VILLALONA: So, as you can see, the case of Elizabeth Holmes is out in California. So it's in the start-up place of California where people go there to invent things and that people start and they fail things, sometimes they succeed. So that jury pool is completely different. And that jury pool is used to people coming down to California and inventing things. So, I think it plays better for Elizabeth Holmes than if that case was, for example, in New York where we're like, woman, you were lying about what your product could do.

AVLON: Well, yes, invention, I think, doesn't always extend to fraud. So we'll have to see where the jury comes down on that.

Ghislaine Maxwell, let's switch over to that, in New York. Jurors have requested a transcript of all four accusers. So, what does that tell you?

VILLALONA: So it definitely shows that the jury's definitely studious about what they heard, what they see throughout the entire trial. So you know that the case boils down to those four victims that actually testified. So they're going back and forth as to the credibility and the believability of these victims. Was Ghislaine Maxwell involved? Did she groom these women? Did she assist Jeffery Epstein in procuring them to travel to engage in sexual activities and did she herself take part in these sexual activities?

AVLON: And one question I think folks who haven't been on a jury ask is, how difficult is it for a jury to go through 80 plus pages of instructions? Why is that key? What does it tell you?

VILLALONA: That is a lot of reading. You've got to think that there are attorneys that don't even understand criminal law let -- yet the plain old layperson from the community to be able to understand the jury instructions. You're talking about 80 pages.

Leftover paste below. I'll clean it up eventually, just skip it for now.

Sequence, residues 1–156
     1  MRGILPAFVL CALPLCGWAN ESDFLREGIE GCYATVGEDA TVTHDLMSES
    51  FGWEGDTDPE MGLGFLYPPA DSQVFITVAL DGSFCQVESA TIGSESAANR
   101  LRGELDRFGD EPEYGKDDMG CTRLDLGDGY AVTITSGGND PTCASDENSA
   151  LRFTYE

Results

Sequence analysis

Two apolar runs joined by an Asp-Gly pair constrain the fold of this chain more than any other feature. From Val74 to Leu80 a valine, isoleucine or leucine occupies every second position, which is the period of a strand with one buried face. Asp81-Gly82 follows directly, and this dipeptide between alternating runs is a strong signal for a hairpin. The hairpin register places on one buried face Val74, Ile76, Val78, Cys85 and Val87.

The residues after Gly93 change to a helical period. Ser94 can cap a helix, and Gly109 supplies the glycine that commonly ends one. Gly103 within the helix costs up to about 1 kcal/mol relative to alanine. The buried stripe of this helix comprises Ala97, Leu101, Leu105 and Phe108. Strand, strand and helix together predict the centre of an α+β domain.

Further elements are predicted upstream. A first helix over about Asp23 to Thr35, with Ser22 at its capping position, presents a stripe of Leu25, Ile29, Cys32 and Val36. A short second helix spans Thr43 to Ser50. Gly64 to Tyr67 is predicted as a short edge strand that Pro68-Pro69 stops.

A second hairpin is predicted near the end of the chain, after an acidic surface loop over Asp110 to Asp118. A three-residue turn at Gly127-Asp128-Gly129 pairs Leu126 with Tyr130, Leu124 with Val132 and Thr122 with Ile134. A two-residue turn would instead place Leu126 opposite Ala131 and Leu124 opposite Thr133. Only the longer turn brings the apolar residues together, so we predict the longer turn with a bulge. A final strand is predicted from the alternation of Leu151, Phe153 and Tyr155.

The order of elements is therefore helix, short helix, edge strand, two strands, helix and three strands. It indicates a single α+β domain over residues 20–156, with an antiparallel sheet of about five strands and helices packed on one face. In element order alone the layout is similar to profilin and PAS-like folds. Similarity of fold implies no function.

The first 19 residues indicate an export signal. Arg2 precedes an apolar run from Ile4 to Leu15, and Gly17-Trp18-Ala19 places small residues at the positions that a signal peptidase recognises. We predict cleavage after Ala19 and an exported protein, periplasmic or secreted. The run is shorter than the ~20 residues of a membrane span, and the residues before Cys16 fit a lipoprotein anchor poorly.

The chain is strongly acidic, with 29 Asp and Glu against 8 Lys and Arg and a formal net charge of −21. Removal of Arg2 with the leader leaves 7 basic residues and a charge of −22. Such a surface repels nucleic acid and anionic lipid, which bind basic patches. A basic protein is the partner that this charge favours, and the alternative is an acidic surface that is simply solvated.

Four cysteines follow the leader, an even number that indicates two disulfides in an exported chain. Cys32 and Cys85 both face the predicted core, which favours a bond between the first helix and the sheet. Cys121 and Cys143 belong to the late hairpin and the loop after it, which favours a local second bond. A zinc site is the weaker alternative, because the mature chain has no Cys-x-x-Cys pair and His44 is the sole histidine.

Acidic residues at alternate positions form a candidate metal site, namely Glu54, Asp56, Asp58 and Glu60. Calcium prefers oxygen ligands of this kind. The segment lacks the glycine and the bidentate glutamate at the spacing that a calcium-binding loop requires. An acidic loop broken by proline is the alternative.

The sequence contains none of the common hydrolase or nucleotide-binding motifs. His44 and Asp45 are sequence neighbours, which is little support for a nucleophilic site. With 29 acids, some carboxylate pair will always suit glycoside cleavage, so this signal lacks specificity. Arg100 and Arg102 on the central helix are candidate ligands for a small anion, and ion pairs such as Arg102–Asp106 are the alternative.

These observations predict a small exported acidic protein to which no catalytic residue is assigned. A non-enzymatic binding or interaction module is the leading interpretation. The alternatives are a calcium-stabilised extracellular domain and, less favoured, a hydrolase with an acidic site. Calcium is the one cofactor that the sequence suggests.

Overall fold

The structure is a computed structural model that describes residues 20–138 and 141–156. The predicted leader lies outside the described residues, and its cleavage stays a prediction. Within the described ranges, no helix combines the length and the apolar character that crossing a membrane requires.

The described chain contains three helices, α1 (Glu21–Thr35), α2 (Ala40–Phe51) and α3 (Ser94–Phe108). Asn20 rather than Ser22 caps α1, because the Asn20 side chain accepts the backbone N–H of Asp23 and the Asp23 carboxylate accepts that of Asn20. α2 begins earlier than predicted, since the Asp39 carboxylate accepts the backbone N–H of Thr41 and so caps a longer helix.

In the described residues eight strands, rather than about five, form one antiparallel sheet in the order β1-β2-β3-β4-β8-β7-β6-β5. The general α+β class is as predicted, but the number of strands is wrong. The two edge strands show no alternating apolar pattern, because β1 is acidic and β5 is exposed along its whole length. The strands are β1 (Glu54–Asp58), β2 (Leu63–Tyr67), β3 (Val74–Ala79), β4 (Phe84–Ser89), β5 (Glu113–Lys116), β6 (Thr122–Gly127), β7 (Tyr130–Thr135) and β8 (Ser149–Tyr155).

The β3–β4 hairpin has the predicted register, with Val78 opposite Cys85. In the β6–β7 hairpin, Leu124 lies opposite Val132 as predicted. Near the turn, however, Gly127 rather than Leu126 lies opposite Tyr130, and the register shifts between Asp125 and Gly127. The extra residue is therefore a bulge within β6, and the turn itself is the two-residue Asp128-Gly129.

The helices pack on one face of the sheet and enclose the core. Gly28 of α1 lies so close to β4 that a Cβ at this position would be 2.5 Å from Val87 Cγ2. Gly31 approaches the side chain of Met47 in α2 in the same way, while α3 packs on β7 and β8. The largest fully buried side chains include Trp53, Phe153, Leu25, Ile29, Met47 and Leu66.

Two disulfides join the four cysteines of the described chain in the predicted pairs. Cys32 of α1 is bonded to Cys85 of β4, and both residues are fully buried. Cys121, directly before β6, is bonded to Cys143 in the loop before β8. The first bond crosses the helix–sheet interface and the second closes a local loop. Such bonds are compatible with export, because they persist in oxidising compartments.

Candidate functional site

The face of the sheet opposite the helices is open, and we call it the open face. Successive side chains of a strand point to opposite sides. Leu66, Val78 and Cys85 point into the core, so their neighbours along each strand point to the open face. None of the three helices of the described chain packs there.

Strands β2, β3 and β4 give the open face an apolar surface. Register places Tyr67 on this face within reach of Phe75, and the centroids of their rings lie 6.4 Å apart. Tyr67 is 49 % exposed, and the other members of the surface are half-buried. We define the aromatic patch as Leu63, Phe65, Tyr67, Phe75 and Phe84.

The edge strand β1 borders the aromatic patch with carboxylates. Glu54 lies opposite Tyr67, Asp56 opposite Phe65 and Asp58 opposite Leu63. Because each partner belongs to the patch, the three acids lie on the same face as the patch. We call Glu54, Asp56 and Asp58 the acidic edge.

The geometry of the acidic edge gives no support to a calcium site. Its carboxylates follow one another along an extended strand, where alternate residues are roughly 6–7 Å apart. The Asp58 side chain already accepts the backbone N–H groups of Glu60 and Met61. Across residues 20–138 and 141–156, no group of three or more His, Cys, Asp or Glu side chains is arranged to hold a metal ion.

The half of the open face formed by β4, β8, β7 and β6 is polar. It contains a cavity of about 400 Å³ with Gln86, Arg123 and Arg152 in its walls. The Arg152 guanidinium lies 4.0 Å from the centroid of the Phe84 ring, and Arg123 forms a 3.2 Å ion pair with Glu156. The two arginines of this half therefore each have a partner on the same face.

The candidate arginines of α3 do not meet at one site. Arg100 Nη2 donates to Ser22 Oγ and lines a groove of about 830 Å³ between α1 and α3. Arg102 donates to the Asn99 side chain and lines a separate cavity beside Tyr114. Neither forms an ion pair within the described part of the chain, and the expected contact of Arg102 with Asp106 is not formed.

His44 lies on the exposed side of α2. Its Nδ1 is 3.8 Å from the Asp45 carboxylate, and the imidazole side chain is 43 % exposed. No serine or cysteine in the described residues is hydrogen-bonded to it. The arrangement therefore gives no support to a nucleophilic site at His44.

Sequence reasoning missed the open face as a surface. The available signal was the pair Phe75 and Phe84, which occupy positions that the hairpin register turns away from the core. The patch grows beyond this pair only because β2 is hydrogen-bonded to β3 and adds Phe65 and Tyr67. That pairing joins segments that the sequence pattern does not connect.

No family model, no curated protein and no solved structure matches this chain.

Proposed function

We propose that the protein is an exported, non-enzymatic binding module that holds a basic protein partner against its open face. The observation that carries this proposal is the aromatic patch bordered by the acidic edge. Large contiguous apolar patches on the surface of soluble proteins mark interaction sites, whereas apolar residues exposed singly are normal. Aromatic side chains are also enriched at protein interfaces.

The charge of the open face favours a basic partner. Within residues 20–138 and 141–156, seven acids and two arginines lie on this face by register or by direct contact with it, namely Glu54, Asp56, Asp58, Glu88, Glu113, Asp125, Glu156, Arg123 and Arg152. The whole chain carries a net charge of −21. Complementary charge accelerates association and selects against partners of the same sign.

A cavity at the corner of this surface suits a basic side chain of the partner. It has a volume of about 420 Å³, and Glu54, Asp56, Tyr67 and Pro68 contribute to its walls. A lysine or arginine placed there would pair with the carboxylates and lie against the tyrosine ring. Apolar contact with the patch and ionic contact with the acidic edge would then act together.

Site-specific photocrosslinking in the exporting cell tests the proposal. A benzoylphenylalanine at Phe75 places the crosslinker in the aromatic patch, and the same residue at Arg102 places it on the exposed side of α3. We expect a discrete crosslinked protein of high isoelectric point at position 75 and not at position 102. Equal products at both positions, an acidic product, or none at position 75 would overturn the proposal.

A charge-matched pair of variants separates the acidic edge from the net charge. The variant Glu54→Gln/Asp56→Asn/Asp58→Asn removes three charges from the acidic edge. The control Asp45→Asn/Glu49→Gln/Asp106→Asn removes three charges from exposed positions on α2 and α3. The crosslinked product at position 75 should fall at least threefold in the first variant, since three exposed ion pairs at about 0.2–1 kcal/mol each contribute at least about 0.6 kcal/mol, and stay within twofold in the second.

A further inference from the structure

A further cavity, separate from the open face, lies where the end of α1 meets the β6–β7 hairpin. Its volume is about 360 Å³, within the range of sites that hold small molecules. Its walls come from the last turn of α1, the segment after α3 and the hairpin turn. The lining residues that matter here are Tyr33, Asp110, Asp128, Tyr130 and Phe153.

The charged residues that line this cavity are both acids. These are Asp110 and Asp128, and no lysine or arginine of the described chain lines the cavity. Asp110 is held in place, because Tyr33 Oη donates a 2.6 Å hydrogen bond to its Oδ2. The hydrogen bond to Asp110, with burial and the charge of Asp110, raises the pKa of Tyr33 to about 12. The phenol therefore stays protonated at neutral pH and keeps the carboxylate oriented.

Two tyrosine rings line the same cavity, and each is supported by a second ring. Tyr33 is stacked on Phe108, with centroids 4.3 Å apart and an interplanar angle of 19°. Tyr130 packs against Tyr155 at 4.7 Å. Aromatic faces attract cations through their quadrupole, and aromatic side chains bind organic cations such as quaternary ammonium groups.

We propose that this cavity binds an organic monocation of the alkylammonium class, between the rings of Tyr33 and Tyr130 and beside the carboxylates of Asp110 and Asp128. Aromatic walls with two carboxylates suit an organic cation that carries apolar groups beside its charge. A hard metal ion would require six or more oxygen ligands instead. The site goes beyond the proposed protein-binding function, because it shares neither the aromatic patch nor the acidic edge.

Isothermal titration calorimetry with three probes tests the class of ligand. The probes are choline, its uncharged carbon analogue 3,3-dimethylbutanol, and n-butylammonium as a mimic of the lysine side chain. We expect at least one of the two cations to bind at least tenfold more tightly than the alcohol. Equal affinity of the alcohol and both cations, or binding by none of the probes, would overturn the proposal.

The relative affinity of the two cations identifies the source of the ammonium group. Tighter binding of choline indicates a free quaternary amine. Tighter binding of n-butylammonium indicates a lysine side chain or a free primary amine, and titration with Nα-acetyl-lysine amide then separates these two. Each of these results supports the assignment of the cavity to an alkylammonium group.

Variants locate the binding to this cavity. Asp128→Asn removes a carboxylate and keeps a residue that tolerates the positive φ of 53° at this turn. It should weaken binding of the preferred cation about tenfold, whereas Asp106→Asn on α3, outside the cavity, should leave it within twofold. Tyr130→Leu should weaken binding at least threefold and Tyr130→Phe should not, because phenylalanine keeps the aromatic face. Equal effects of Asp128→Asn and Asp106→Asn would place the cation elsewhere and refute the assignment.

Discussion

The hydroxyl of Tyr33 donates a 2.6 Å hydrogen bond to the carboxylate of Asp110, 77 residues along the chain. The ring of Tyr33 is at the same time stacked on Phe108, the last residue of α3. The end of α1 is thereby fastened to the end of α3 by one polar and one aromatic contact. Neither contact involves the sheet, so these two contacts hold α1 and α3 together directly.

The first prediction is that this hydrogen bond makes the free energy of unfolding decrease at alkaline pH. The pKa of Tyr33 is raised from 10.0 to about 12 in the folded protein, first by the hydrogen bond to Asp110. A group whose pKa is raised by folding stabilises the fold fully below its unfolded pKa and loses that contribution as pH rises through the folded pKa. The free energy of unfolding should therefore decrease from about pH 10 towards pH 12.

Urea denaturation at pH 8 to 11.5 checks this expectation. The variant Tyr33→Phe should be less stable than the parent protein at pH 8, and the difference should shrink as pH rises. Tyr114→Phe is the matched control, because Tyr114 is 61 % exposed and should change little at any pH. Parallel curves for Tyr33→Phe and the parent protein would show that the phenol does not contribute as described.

For example, Kim Potter's case, where you're talking about the death of someone, those jury instructions were only 14 pages. But here you have 80 pages of jury instructions of how they're supposed to believe and evaluate the testimony of these witnesses and then apply it to the law, the charges that Ghislaine Maxwell is facing. It's very difficult.

AVLON: Well, and another difficult thing is the fact there's no video, no DNA, no statements. So, what does the jury have to rely on to determine guilt and how does the jury evaluate credibility in this case?

VILLALONA: Exactly. So, when we're talking about Ghislaine Maxwell, her charges are stemming from the 1990s to early 2000s. So, times were different. Technology was different. So in terms of these victims that testified, there was no video. There's no DNA. There's no statements by Ghislaine Maxwell saying, oh, I did it, or I procured these young girls to come and have sex with either myself or with Jeffrey Epstein.

So, what they have to do is evaluate the credibility, the believability. What's the corroboration? Why should I believe this victim, that this victim who got millions in the settlement, why should I believe her? Is there motive to lie? Is there any bias? Or is she coming here to tell the truth, to seek justice, because they already got their payout but still they're cooperating with law enforcement.

AVLON: And what do you think about the argument, the defense that Ghislaine Maxwell's team is making, that she's effectively been a scape goat in the Jeffrey Epstein scandals?

VILLALONA: Well, I think it backfired on her. And it backfired on her to the extent that towards the end of the prosecution's case, and I was in the courtroom for most of the trial, the prosecution brought out and put into evidence photographs, intimate photographs of Ghislaine Maxwell and Jeffrey Epstein. At one point it was a photograph of Ghislaine Maxwell giving Jeffrey Epstein a foot massage.

So, it's like, throughout the entire trial, the defense tried to distance Ghislaine Maxwell from Jeffrey Epstein.


However, it was a bombshell moment at the time that the prosecution is like, look, here go the photographs, here are the receipts. So this person that supposedly is so far removed from Jeffrey Epstein, but look how she's engaging in affection and in love and how much interaction that they've have through the years, going to show you that she's willing to do anything and everything to have been able to satisfy Jeffrey Epstein.

AVLON: Well, that's a certainly loaded statement.